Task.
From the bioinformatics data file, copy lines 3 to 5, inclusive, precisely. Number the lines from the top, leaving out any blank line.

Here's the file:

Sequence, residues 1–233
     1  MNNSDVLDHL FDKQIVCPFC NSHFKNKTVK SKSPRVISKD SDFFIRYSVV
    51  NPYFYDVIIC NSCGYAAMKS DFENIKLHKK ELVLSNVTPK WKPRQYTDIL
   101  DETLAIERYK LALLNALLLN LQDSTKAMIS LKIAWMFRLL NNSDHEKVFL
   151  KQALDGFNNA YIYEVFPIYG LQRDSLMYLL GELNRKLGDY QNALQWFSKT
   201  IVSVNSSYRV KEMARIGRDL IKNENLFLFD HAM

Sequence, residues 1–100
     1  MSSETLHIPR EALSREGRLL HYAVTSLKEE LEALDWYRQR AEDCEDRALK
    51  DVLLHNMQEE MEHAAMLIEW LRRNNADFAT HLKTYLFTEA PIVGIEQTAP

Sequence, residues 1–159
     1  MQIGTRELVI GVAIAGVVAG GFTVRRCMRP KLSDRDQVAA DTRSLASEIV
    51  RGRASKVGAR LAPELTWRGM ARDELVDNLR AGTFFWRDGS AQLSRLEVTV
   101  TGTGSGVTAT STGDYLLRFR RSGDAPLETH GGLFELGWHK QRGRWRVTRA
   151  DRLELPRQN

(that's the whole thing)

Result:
    51  NPYFYDVIIC NSCGYAAMKS DFENIKLHKK ELVLSNVTPK WKPRQYTDIL
   101  DETLAIERYK LALLNALLLN LQDSTKAMIS LKIAWMFRLL NNSDHEKVFL
   151  KQALDGFNNA YIYEVFPIYG LQRDSLMYLL GELNRKLGDY QNALQWFSKT